May 27, 2005

Expanded museum offers artwork, nature, antiques and fine dining

By Mary Ann Wyand

Newly renovated and sparkling in the sunshine, the distinctive glass and steel circular entrance pavilion of the Indianapolis Museum of Art in Indianapolis beckons visitors to come inside and explore the beautiful historic and contemporary artwork displayed in its expertly remodeled galleries.

Even on a warm spring day when the 152-acre landscaped grounds at 4000 Michigan Road are a perfect place to hike, ride a bicycle or enjoy a picnic, the lure of the new museum still succeeds in inviting people inside to browse the exhibits.

The art museum’s $74 million renovation is a three-year project, which continues with updates to several galleries during 2005 and 2006. The new museum opened on May 6, and the architectural design is earning praise from appreciative museum patrons for its welcoming and handicap-accessible entrance.

The art museum campus also is the home of the historic Lilly House, Garden Terrace meeting center, Horticultural Studies Center, Better Than New Shop, greenhouse and numerous ornate gardens.

St. Simon the Apostle parishioner Jessica Di Santo of Indianapolis, communications manager for the museum, said visitors who park in the new underground garage will enjoy walking past Gary artist Kay Rosen’s colorful palindrome installation called “Never Odd or Even,” which reads the same backward or forward.

Di Santo said the American and European galleries are open and the new contemporary art gallery opens on Nov. 20 followed by the African and South Pacific art galleries on Feb. 5, 2006. The Asian art and fashion arts galleries open on June 11, 2006, and the decorative arts gallery will open on Dec. 3, 2006.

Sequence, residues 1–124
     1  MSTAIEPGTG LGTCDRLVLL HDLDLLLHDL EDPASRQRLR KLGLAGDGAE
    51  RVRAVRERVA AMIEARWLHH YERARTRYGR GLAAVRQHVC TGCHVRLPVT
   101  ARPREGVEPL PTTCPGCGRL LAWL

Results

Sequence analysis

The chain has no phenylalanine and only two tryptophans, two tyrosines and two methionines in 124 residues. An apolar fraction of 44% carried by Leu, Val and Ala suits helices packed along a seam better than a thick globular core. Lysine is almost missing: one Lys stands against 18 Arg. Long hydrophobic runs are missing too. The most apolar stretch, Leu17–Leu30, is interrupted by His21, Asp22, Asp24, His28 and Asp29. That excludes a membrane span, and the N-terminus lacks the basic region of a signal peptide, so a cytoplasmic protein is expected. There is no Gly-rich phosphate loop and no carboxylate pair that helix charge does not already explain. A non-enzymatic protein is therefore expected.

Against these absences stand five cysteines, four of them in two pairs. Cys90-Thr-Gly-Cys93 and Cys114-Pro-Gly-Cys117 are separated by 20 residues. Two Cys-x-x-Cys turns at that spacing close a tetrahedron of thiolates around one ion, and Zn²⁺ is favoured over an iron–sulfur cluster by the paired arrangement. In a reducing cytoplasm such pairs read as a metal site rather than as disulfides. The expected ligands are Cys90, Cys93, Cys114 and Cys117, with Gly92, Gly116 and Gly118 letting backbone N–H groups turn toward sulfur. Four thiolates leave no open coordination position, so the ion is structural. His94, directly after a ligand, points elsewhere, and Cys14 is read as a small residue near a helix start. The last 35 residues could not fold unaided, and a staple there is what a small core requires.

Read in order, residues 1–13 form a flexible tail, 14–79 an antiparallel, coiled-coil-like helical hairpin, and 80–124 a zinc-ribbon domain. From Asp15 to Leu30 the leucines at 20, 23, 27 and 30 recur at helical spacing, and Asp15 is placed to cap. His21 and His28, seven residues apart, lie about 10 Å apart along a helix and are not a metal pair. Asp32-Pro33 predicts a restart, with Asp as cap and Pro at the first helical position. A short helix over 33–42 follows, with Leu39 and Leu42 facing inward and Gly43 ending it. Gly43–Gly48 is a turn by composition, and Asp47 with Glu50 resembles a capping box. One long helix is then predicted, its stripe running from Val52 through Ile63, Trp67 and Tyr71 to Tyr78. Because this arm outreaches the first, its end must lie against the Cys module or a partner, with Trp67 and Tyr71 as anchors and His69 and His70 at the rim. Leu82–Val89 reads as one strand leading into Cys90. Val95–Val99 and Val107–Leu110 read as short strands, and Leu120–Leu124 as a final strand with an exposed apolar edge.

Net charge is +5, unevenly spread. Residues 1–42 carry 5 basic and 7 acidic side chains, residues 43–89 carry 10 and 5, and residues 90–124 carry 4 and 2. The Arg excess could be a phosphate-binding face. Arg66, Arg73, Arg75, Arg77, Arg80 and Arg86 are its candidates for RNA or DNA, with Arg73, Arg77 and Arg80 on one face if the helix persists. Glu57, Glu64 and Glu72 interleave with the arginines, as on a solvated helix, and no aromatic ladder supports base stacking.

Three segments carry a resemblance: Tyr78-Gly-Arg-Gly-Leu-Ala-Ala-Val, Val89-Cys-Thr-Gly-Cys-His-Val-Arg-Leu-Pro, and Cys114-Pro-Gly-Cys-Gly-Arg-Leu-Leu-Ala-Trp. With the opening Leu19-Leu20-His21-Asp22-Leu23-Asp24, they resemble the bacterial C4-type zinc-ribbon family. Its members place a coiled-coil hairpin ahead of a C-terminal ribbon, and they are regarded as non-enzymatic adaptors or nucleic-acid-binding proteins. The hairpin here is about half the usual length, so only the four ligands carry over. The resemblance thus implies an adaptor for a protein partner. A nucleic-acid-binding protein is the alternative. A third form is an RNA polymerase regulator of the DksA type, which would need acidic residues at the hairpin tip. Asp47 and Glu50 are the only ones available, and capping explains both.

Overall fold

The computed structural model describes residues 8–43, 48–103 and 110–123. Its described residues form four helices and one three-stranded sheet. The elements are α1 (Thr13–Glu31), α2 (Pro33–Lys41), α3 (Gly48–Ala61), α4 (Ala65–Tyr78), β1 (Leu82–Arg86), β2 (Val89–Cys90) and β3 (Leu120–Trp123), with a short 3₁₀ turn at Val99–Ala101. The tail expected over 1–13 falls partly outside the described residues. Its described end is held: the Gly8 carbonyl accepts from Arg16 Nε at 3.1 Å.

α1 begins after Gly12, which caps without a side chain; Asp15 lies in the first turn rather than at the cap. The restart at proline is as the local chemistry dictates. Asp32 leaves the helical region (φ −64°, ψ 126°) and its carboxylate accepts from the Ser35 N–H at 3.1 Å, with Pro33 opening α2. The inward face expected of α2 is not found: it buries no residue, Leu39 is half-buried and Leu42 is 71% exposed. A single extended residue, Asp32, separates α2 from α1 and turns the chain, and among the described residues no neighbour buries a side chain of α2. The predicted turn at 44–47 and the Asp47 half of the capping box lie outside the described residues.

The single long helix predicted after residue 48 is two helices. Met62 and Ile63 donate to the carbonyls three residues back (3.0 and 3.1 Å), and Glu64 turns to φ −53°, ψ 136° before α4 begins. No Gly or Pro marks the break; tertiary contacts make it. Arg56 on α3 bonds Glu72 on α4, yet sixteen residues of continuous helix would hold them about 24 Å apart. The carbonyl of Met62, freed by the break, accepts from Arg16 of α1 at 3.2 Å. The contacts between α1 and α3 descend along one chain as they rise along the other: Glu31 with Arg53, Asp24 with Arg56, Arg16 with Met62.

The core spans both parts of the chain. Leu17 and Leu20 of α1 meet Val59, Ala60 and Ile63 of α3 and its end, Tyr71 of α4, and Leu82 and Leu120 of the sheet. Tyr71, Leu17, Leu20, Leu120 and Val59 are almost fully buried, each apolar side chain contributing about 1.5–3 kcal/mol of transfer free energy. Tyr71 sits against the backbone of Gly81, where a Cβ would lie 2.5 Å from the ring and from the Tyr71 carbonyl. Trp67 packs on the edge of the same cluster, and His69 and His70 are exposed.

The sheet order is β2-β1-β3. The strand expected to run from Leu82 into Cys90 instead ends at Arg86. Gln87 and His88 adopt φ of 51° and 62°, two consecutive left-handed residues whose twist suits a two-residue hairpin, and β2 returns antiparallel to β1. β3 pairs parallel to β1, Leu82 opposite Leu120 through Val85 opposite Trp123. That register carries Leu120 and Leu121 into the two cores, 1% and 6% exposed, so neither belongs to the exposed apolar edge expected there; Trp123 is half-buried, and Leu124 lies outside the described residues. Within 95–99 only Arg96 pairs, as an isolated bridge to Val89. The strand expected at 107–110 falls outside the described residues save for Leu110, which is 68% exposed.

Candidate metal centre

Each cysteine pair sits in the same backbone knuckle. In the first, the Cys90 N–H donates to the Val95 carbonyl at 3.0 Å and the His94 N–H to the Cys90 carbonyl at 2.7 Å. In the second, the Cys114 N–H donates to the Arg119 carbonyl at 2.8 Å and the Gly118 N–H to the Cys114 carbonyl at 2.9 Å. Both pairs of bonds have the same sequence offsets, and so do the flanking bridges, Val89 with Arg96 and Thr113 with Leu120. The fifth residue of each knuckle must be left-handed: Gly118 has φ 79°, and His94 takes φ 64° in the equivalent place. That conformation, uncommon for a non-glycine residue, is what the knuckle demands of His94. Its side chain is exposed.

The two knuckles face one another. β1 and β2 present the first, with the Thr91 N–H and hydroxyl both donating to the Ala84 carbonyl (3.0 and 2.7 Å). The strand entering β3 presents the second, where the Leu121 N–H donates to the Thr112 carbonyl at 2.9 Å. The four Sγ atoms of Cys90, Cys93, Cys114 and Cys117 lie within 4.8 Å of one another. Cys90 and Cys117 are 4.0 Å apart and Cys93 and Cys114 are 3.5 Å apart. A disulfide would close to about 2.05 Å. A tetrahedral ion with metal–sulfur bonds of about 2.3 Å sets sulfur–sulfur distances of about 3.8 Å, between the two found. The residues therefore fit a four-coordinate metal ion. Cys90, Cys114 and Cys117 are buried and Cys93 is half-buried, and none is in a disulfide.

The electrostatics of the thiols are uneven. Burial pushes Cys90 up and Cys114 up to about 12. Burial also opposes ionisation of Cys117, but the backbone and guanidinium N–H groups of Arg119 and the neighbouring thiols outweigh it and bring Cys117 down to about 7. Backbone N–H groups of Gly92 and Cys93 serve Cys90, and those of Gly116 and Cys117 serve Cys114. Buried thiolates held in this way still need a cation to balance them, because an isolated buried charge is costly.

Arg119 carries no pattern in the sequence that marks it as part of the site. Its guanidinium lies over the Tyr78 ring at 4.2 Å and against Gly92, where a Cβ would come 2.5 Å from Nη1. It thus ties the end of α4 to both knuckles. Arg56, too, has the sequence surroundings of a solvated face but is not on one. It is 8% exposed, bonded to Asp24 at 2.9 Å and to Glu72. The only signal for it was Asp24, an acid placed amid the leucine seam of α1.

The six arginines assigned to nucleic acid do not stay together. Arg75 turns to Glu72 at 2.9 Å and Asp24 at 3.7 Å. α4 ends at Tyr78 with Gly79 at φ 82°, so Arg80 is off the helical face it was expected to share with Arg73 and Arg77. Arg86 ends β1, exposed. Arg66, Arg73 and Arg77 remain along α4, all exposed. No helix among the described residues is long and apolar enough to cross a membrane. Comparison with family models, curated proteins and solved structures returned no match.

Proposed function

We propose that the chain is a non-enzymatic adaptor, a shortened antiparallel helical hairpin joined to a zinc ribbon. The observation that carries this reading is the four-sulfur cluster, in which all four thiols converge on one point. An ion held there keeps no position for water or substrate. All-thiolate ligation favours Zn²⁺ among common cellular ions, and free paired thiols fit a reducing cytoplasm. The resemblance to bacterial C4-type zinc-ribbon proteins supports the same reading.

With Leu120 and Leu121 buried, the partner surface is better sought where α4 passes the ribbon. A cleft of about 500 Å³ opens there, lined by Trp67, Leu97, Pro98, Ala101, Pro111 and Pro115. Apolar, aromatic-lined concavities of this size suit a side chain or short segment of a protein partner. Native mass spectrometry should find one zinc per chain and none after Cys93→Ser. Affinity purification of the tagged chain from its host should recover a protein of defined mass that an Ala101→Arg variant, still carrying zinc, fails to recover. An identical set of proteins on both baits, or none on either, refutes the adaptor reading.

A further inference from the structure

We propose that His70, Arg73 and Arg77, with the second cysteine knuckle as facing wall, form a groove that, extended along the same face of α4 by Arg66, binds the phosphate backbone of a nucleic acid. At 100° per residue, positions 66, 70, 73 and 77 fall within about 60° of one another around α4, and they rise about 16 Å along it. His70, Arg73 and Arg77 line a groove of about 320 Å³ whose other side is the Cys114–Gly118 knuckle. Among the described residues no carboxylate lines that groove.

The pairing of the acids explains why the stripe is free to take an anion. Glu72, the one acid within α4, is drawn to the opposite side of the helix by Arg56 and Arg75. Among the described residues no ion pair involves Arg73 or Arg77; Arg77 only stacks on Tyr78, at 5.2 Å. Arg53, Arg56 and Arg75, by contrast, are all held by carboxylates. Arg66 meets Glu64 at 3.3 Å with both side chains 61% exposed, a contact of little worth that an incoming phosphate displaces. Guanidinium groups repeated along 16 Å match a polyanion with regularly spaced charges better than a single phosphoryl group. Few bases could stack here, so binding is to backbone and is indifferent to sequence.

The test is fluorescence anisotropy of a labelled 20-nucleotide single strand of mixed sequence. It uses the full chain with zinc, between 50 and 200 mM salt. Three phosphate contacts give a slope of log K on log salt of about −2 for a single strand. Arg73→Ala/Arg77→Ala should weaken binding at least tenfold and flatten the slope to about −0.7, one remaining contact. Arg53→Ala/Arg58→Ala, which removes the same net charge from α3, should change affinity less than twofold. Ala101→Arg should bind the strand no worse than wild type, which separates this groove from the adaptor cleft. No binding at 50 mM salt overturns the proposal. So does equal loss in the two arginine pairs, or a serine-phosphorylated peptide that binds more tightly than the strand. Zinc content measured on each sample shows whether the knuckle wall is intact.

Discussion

Our Lady of the Greenwood parishioner Sue Nord-Peiffer of Greenwood is the greenhouse supervisor and horticulturist at the Indianapolis Museum of Art’s Madelyn F. Elder Greenhouse on the art museum grounds.

“What’s really amazing about this institution is that not many art museums can give you the many different kinds of experiences that you can have here because of the large landscape,” she said. “So many art museums are landlocked in cities.”

The property was originally owned by members of the Eli Lilly family and was known as Oldfields.

“The greenhouse is part of the historic Oldfields estate,” she said. “It’s one of the outbuildings. The glass houses date back to the 20s. … The old estate is a National Historic Landmark.”

The greenhouse is open year-round, Nord-Peiffer said. “It’s exciting to have all the new vitality and new visitors coming to see us as well as the new museum. … I think the new contemporary gardens are so exciting. We’ve got beautiful historic gardens, and now we have the opportunity to expand and have contemporary [landscaped] space. The Sutphin Fountain is now situated in a garden rather than being in the roadway. This wonderful old feature of the museum has been enhanced greatly and can be enjoyed from indoors as well.”

Nord-Peiffer said the 100-acre Virginia Fairbanks Art and Nature Park will be developed on the west side of the Central Canal Towpath on museum property, and “great things will be happening there in the next few years.”

(For information on the new Indianapolis Museum of Art hours, exhibits and events, log on to


Local site Links: